Nobody could have predicted the outbreak of the Coronavirus not least its impact on our retail sector. Covid 19 has already dramatically impacted Fashion Week with designers cancelling their Fall/Winter 21 shows as well as many upcoming shows later this year in April and May. Even those designers who didn't cancel, still missed out on Chinese spectators and considering the Chinese market makes up around 40% of the luxury retail sector, this is the first sector of retail to take a hit due to the virus. The US communications team for both Louis Vuitton and Chanel were told to stay at home and so didn't make it to Fashion Week and the penultimate show during PFW which was Lacoste had around 30% of their media guests cancel.
Outside of Fashion Week, the luxury retail sector is struggling. Burberry have closed 24 of their 64 stores in mainland China and of those that have remained open, they are operating under reduced opening hours and have noticed a significant decline in footfall. Victoria's Secret have stated that China is an integral source of raw materials for them and are now expecting a delay of up to four weeks for their Spring collection.
Of course, the fear of the spreading virus has only added to a sentiment about Fashion Week that has been circulating for a number of years; that it's too expensive, too much hard work and harmful to the environment to continue in the same manner. But the effect on Fashion Week and the empty seats during the shows is just the tip of the iceberg. The real problem is the hold up in the supply chain and there's no telling just how long that will last.
Production In China
China still holds a claim on being one of the world's biggest garment producers for brands world over. Not only was there a decline in showroom appointments from fashion buyers during Fashion Week but it has been and will continue to be detrimental to brands who produce in China, even only partially. Production from garment manufacturers in China has all but stopped and the post services and couriers for many countries are refusing to send or receive any good from China, neighboring countries and even beyond. If garment manufacturers can't fulfil orders in time for the demand on the shop-floor, that brand or designer could be in real trouble. And it's not just future orders that have been affected. Due to budget cuts and the looming fear of what might happen next, some buyers have even cancelled existing orders that were placed before the outbreak or have requested a discounted rate. Yet another hit for the retail sector to absorb. Of course, this isn't likely to affect the power houses of the luxury sector quite so much as it will the smaller independent design houses and new comers, the fresh blood and the future of the industry. Bankruptcy and going out of business before they've even hit the ground running is a very real fear for many.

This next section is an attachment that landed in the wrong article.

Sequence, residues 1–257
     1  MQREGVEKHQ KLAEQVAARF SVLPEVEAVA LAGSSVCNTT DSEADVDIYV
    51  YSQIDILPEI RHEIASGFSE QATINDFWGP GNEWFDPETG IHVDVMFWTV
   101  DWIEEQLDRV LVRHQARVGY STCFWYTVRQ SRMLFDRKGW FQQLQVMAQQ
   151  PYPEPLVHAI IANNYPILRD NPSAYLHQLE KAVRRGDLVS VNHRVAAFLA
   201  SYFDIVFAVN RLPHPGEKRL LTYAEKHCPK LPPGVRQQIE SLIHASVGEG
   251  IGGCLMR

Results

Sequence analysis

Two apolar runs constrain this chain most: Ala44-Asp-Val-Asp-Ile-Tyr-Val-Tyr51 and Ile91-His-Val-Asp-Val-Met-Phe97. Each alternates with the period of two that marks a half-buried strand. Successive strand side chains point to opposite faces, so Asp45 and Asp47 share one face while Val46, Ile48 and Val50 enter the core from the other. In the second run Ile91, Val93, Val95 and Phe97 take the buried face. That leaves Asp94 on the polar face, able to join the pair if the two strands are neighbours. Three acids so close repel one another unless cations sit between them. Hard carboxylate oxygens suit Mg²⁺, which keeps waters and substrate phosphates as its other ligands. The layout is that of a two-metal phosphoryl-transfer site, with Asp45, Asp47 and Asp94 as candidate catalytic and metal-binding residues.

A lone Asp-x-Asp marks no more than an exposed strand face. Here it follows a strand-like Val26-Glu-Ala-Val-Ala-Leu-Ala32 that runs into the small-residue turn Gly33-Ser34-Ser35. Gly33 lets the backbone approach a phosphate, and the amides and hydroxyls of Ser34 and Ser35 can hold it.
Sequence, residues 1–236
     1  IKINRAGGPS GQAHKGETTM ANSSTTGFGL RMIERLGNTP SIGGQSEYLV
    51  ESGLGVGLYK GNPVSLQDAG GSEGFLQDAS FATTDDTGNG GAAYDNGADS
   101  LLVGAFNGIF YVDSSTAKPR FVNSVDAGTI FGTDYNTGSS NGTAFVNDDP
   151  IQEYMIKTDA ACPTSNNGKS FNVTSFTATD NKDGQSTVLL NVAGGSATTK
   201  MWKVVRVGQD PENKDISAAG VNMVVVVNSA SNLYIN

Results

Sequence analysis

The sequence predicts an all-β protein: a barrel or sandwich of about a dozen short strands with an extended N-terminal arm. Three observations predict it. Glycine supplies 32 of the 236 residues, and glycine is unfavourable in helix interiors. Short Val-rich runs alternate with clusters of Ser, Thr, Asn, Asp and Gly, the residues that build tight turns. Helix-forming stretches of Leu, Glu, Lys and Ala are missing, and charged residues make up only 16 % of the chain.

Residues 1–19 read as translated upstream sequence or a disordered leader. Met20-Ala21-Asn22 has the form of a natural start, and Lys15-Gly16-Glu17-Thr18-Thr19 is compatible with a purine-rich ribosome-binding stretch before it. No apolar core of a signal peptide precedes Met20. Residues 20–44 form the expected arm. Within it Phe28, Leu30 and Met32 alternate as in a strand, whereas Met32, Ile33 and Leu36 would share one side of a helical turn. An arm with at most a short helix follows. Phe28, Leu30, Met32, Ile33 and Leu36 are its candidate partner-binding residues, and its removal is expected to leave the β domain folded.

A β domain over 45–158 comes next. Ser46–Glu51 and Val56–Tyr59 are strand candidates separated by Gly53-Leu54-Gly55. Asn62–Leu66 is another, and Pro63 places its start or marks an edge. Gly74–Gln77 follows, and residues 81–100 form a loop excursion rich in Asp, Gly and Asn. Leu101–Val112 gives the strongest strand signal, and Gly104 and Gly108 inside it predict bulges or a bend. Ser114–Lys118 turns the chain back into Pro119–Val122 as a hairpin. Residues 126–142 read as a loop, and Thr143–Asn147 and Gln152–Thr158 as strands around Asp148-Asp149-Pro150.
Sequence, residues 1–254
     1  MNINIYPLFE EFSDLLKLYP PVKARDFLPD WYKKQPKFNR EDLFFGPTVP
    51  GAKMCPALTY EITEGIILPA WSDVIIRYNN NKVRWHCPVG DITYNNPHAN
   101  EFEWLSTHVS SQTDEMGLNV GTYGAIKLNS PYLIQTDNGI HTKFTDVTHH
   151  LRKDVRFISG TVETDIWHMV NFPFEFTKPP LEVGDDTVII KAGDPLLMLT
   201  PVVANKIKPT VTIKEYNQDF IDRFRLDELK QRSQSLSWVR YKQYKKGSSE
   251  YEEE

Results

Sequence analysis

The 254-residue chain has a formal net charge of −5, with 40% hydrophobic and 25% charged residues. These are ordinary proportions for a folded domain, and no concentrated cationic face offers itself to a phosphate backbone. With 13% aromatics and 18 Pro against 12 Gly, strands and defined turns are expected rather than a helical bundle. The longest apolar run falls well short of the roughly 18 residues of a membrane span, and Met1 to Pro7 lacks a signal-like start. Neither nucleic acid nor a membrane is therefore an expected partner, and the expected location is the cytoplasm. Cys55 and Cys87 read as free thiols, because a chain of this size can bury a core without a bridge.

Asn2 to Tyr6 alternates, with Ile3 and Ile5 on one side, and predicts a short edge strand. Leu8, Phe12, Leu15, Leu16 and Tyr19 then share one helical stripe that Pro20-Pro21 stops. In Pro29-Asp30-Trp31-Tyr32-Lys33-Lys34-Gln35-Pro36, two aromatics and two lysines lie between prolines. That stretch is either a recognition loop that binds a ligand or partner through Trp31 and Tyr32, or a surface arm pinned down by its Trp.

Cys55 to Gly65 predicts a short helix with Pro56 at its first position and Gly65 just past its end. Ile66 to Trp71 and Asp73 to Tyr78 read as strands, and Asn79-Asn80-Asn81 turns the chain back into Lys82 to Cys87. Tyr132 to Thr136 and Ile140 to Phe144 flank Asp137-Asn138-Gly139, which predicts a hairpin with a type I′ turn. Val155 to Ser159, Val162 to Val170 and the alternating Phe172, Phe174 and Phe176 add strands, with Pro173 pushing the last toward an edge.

Thankfully, we have technology now that allows buyers to continue working remotely and to make negotiations through video chat, even though they are unable to see and feel the products in person. This is being utilized, allowing buying to continue, at best at a declined rate. But buying at a wholesale level is only the first step, those big stores now need to sell to the customer. According to EuropeanCeo, last year only 9% of luxury goods were bought virtually over the internet which means shows a trend that customers want to feel and touch and see their goods in person before handing over the big bucks.
Preventatives Suffer A Rupture In Stock
On the opposite end of the scale, suppliers of face masks, surgical masks, latex gloves and hand sanitizer are in extremely high demand, many of which have gone indefinitely out of stock due to people stock piling. Other suppliers have significantly upped their prices knowing these products are currently in high demand, with mini bottles of hand sanitizer selling for nearly €5 Euros in Paris for a pocket sized portion of the coveted liquid.
Basics and household goods could be facing a similar situation in Europe as fears are escalating that a lock down situation could be on the horizon. Fear mongering has encouraged people to stock pile basic goods such as toilet paper, dried and canned goods as well as non perishables, creating a hyped up atmosphere that says it is every man for themselves which is never good but retailers of these goods are laughing all the way to the bank.
It's not just those that work in the fashion industry that are contributing to the decline however. It's the regular Joe Public that have cancelled flights, postponed trips or simply decided not to take any holidays right now that is also affecting the situation. Without tourists, the retail sector could collapse and with countries closing their borders and airlines refusing to travel to certain countries for an indiscriminate period of time, who knows how long the retail sector can survive without crumbling.
Further Than Retail
Outside of retail, other sales have taken a hit too. Many concerts and upcoming shows in the entertainment industry have been cancelled too including Stormzy, Khalid, A-Ha, Green Day and BTS all whom have pulled out of Asia. Tokyo Disneyland has shut up shop for at least two weeks as Japan battles the virus, joining the list of two other Disney theme parks in Hong Kong and Shanghai which have remained shut since the end of January.
Article Commissioned by Mod'Art University of Shanghai